I'm using C++11 with https://github.com/SmingHub/Sming. It has no support of std lib or exceptions. I wanted to use Either monad to return an error or result from my functions. I implemented it using class hierarchy. I'm not a native C++ dev so I would be glad for the code review.

#pragma once

template <class L, class R> 
class Either
    virtual bool isLeft();
    virtual bool isRight();

    virtual bool matchLeft(L& x);
    virtual bool matchRight(R& x);

template <class L, class R> 
class Left : public Either<L, R> {
    L left;

    Left(L left): left(left) {}
    constexpr bool isLeft() { return true; }
    constexpr bool isRight() { return false; }

    bool matchLeft(L& x)
        x = left;
        return true;
    bool matchRight(R& x) { return false; }

template <class L, class R> 
class Right : public Either<L, R> {
    R right;

    Right(R right): right(right) {}
    constexpr bool isLeft() { return false; }
    constexpr bool isRight() { return true; }

    bool matchLeft(L& x) { return false; }

    bool matchRight(R& x) {
        x = right;
        return true;
  • 2
    \$\begingroup\$ Welcome to Code Review! Could you include an example showing the intended use case? It often helps reviewers if they know how a particular piece of code is intended to be used. \$\endgroup\$
    – Rish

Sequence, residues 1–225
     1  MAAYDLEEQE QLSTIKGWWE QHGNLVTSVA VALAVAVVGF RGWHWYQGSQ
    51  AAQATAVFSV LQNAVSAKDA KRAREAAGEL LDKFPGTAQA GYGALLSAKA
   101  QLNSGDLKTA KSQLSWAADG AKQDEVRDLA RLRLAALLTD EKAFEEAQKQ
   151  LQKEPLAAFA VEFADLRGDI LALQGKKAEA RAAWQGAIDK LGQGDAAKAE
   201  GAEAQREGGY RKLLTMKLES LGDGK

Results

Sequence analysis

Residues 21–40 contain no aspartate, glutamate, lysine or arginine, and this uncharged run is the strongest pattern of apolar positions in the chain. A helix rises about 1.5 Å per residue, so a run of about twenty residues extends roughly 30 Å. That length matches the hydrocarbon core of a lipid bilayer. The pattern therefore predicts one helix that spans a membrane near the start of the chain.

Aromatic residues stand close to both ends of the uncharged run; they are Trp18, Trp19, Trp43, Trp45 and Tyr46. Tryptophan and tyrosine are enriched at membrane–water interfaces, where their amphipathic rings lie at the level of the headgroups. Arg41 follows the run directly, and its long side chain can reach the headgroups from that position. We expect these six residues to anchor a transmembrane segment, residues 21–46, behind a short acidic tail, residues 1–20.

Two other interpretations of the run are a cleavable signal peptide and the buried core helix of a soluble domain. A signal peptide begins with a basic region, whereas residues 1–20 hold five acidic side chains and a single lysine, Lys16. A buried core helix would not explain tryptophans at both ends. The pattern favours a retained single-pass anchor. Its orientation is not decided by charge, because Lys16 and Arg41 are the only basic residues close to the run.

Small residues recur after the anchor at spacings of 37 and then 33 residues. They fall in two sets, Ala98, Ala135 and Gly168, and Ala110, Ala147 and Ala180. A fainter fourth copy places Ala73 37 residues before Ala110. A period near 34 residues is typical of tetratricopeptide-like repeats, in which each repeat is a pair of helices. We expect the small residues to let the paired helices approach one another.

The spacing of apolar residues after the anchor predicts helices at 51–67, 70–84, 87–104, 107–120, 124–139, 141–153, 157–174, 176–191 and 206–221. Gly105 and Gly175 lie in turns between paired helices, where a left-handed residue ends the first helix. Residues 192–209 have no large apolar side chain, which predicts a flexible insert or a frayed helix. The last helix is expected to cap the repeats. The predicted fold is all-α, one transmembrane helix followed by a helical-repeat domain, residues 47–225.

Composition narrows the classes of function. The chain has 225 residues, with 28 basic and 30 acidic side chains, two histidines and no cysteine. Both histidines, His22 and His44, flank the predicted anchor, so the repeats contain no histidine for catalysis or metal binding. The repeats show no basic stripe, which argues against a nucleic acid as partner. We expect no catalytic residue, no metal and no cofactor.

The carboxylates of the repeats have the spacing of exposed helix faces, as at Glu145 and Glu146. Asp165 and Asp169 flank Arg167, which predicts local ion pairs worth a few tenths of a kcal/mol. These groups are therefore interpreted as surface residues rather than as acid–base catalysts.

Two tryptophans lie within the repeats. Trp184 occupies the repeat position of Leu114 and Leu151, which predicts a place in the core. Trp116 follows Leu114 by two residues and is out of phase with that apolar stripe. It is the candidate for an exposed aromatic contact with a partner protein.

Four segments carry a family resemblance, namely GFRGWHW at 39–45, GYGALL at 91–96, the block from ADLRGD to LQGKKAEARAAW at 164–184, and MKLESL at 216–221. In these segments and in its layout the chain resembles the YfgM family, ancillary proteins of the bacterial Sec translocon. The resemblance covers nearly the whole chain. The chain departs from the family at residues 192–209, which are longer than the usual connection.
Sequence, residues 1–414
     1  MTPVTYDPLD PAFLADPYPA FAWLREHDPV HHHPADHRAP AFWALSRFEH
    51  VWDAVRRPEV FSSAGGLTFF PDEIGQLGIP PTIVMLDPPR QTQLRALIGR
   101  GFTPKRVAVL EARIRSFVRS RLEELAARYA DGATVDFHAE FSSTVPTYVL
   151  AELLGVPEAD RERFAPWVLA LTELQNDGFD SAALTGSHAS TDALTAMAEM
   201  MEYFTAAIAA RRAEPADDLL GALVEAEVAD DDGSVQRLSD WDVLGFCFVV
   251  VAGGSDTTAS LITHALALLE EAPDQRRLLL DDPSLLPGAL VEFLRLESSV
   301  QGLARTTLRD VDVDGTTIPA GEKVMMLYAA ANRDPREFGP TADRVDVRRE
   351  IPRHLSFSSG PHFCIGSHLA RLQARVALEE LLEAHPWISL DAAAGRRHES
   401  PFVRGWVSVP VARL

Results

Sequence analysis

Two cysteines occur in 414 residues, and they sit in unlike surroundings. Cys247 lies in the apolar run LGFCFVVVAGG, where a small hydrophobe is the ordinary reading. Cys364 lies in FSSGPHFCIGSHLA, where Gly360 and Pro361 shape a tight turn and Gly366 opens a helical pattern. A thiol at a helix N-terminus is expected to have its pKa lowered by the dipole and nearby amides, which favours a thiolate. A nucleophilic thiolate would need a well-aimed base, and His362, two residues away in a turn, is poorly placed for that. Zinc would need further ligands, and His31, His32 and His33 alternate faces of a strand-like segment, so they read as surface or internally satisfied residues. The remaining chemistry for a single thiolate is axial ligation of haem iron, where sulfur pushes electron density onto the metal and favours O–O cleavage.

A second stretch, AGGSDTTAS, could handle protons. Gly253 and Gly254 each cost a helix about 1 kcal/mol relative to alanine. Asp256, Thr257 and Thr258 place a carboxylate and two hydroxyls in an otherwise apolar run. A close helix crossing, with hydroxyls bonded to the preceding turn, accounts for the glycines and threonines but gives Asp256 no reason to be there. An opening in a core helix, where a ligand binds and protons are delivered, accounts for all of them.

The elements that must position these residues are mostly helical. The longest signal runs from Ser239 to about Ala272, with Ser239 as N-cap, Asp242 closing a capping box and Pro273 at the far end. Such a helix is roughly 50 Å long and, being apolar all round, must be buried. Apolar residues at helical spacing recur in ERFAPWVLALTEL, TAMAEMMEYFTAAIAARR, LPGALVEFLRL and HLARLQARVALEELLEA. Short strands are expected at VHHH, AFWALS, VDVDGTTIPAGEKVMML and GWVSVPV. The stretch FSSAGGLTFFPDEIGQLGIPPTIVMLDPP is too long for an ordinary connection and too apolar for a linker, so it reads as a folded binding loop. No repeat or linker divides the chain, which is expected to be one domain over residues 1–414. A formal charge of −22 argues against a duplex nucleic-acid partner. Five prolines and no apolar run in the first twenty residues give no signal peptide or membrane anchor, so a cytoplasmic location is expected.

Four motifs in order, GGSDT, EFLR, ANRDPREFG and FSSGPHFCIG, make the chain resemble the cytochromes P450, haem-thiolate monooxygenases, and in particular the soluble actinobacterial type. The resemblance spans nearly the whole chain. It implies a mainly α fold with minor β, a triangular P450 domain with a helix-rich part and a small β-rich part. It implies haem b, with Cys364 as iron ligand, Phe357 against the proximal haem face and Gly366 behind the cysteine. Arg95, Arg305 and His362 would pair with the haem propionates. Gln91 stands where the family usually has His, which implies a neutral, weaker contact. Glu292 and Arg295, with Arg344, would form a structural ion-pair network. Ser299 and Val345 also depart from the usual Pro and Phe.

Dec 2, 2020 at 3:39
  • \$\begingroup\$ My main idea here was to use it for error handling. So functions could return an result or error (not exception). For example function to sign in user could return a UserSession object or error (user not found, invalid password, user disabled etc.) \$\endgroup\$
    – Matzz
    Dec 2, 2020 at 10:23

2 Answers 2


This class is conceptually flawed because the only way to extract the values from it is by (copy) assignment. This makes it less useful than we'd like:

Either<err_type, res_type> *result = some_function(); // notice the pointer; more on this later
if(result->isLeft()) {
    some_type error; // what if there's no obvious and cheap way to create an "empty" object of this type?
                     // why do I have to state the type again?
    result->matchLeft(error); // what if there is no copy assignment operator= on some_type (e.g. it holds some exclusive resource)?